total weight of wild mammals less than 10% of that of humanity

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The total weight of Earth’s wild land mammals – from elephants to bison and deer to tigers – is now less than 10% of the combined tonnage of men, women and children living on the planet.

A study by scientists from the Weizmann Institute of Science in Israel, published this month, concludes that wild land mammals alive today have a total mass of 22 million tons. By comparison, humanity now weighs a total of about 390 million tons.

At the same time, the species that we have domesticated, such as sheep and cattle, in addition to other pests such as urban rodents, add another 630 million tons to the total mass of creatures that now compete with wild mammals for the Earth’s resources. . The biomass of pigs alone is almost double that of all wild land mammals.

The numbers clearly demonstrate that humanity’s transformation of the planet’s wilderness and natural habitats into a vast global plantation is now well underway – with devastating consequences for its wild creatures. As the authors of the study point out, the idea that Earth is a planet that still has great plains and jungles teeming with wild animals is now seriously out of step with reality. The natural world and its wild animals are disappearing as the human population of nearly eight billion people continues to grow.

Fin whales feeding on the Gulf of California. The study found that the species had the highest biomass of ocean creatures. Photograph: Nature Image Library/Alamy

“When you watch wildlife documentaries on television – for example about the wildebeest migration – it’s easy to conclude that wild mammals are doing quite well,” said lead author Ron Milo. Observer.

“But this intuition is wrong. These creatures are not well at all. Their total mass is about 22 million tons, less than 10% of the combined weight of mankind and only about 6 pounds of wild land mammals per person. And when you add all of our cattle, sheep and other livestock, that adds another 630 million tonnes. That’s 30 times the total for wild animals. It’s amazing. This is a wake-up call for humanity. »

The study, The Global Biomass of Wild Mammals, also finds that the ones that fare best – like white-tailed deer in the United States and wild boars – are the ones that adapt most easily to human presence. Both species can be found near colonies and are sometimes treated as pets. “Even in nature, humanity’s fingerprints are evident,” added Milo, whose team’s study is published in the American journal Proceedings of the National Academy of Sciences.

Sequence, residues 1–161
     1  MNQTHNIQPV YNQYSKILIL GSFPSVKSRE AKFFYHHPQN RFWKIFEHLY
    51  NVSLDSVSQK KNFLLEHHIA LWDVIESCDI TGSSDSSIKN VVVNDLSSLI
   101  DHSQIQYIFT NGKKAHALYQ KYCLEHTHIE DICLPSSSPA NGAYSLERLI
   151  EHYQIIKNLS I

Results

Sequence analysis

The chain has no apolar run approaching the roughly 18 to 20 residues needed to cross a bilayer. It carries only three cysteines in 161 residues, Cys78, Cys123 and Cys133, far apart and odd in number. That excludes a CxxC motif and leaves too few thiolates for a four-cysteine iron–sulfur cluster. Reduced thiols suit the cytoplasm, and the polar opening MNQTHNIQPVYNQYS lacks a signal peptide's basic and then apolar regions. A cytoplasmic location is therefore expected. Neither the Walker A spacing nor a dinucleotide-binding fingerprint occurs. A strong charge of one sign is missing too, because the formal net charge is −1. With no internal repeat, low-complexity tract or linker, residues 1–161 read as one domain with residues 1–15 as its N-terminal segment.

As part of the paper, researchers Lior Greenspoon and Eyal Krieger collected biomass data on about half of all known mammals and used machine learning computer models on other zoological samples to calculate the other half.

The grim figures of terrestrial mammals matched those found in the oceans. The total mass of marine mammals has been estimated at around 40 million tonnes. Fin whales have the largest total biomass, with sperm whales and humpback whales falling into the second and third slots respectively.

Domesticated/wild mass ratios highlight the active role humans play in shaping the abundance of mammals on Earth


Common pet species have also proven to be major contributors to humanity’s planetary impact. Domestic dogs have a total mass of around 20 million tonnes, a figure close to the combined biomass of all wild land mammals, while cats have a total biomass of around 2 million tonnes, almost double that of that of the African savannah elephant. “These domesticated-to-wild mass ratios underscore the active role humans play in shaping the abundance of mammals on Earth,” the researchers state in their paper.

Biomass studies are not the only way to quantify the animal world. The number of species is also revealing. As an example, it has been discovered that there are 1,200 species of bats which represent one fifth of all terrestrial mammal species and two thirds of all individual wild mammals by number of heads. However, they represent only 10% of the biomass of wild terrestrial mammals.

“Biomass is complementary to species richness and other diversity parameters, and can serve as an indicator of the abundance and ecological footprint of wild mammals on a global scale,” the researchers say.

Estimates made two years ago by the team suggested there were around 50 million tonnes of wild mammals on Earth. The new figure, calculated using a host of techniques including AI, indicates that the crisis facing the planet’s wildlife appears to be far worse than first believed. appreciated. How quickly the depletion of wild mammals is now proceeding needs to be assessed urgently, they say, and is the focus of the next phase of the study which will assess how much biomass loss has occurred over the past 100 last years.

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